|Abstract Title:||Use of different computer-aided method development software in late stages across global sites in pharmaceutical industry|
|Presenter Name:||Kai Chen|
|Co-authors:|| Jean-Paul Boon|
Peter Van Broeck
|Company/Organisation:||Janssen Pharmaceutical Companies of Johnson & Johnson|
|Session Choice:||High Throughput versus High Efficiency Separations (CS)|
Abstract Information :
In contrast to early development, method development in late development (LD) in pharmaceutical industries is aimed to provide a robust method for right-first-time method transfer and lifecycle management. Systematic, scientific, risk-based, multivariate and proactive approaches are therefore needed to be already applied in the method development stage.
By considering the current practice of liquid chromatographic method development, certain gaps are identified towards these goals. Many methods from earlier phases are developed on the screening platform and optimized from time to time mostly dependent on analyst's personal experience and preference. The trial-and-error and one-factor-at-a-time (OFAT) methodology enhances chance of missing the optimal conditions and brings larger variance in method output. Furthermore, although most global sites are equipped with computer-assisted LC method development software, the use of different stationary and mobile phases in screening, along with the application of different algorithms/strategies in optimization often results in different optimal method outputs from these softwares. In addition, robustness estimation is lacking so that the performance of the developed method cannot be foreseen for follow-up method validation, transfer and lifecycle management.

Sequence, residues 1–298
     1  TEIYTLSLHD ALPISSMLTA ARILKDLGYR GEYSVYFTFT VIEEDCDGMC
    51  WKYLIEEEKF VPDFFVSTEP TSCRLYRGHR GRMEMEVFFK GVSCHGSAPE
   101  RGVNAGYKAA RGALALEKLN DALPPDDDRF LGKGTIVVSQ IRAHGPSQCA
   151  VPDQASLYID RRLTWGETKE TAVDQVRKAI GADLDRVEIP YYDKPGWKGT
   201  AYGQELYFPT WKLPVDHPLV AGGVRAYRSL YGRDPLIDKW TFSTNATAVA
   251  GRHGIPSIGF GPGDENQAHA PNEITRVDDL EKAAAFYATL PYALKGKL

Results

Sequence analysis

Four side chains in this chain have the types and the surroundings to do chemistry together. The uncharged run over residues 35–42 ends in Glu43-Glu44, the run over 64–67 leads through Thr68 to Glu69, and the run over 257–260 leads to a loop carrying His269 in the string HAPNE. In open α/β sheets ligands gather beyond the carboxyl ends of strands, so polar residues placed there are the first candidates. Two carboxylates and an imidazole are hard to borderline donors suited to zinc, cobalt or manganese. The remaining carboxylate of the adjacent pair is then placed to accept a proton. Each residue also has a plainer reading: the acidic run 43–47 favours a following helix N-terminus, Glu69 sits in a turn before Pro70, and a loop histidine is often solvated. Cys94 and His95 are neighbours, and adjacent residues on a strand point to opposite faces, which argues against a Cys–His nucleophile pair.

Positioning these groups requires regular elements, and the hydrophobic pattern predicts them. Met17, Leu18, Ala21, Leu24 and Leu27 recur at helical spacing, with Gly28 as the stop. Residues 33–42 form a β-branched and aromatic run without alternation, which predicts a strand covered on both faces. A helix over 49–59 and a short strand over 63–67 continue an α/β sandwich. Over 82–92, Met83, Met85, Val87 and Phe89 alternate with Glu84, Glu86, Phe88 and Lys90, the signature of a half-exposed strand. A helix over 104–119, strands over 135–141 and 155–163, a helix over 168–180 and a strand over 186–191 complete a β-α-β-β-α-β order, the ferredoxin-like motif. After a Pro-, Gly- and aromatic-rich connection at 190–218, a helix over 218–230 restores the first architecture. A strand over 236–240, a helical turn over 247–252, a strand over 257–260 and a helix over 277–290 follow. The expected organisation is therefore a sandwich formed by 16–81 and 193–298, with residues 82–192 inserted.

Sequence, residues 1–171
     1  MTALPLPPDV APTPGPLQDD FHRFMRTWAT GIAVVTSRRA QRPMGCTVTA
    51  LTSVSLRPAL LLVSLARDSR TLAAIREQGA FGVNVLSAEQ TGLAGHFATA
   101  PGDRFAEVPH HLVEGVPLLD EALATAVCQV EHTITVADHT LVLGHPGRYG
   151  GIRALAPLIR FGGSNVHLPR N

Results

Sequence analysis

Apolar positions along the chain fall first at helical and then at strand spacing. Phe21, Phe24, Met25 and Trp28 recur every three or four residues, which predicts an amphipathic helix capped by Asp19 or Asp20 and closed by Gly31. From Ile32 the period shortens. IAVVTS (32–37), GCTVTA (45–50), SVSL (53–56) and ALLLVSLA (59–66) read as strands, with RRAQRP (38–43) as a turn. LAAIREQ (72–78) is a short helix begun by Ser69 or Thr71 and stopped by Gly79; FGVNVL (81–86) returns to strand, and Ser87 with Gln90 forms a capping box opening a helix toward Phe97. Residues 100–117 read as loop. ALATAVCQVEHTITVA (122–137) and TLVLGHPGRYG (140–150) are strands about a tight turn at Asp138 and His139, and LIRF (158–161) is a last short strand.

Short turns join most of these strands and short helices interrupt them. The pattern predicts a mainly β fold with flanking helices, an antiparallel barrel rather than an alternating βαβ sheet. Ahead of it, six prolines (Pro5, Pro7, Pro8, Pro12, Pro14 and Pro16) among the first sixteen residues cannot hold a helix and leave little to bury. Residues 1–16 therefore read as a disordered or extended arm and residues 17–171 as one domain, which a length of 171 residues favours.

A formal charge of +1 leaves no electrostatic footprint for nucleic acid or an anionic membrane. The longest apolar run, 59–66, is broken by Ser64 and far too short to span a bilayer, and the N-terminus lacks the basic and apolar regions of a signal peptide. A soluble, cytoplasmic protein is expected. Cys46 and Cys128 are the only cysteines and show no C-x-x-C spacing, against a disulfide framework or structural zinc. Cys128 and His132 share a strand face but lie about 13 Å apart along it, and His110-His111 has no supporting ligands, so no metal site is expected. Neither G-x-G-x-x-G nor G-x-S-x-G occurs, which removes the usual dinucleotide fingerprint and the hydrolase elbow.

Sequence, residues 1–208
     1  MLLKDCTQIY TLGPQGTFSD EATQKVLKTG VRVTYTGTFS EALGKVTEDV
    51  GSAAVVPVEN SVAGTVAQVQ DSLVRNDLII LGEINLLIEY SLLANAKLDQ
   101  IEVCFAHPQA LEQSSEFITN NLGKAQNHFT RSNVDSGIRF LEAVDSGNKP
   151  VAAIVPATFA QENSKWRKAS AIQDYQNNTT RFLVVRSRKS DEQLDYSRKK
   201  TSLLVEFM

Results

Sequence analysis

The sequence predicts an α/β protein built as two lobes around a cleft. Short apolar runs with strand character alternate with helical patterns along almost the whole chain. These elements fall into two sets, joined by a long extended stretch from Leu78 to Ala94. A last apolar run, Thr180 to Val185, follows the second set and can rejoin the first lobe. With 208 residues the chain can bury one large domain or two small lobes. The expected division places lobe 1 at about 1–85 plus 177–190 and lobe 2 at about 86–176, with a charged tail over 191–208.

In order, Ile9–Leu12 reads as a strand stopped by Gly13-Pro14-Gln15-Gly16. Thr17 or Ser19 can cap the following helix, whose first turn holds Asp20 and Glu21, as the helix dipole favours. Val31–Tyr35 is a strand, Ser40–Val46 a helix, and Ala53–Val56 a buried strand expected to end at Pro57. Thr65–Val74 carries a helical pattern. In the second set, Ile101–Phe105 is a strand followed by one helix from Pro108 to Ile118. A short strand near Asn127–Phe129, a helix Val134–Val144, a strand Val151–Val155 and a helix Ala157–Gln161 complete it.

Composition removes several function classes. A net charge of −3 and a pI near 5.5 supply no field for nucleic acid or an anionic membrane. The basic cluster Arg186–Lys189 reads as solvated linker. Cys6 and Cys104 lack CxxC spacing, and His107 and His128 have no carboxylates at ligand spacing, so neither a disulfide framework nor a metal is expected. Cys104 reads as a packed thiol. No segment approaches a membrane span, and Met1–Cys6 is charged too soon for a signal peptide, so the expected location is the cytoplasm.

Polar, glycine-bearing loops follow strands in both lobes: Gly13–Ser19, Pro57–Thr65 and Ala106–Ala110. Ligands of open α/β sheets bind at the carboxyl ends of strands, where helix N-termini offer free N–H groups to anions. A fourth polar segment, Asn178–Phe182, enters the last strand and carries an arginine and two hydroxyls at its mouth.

In this presentation, the current practices of using computer-assisted LC method development software in different sites are compared. The advantages and disadvantages of each practice with software like AutoChrom, ChromSword, DryLab and Fusion are concluded. A harmonized work flow is proposed aiming to obtain same/similar method developed from different sites, by minimizing the impact of the native differences in instrumentation and software and avoiding overcomplicated experiment design or method development. A pilot testing is performed to evaluate the proposed work flow with a real project sample. By this, sources of variability that may lead to development deviation or poor method robustness are identified for further improvement.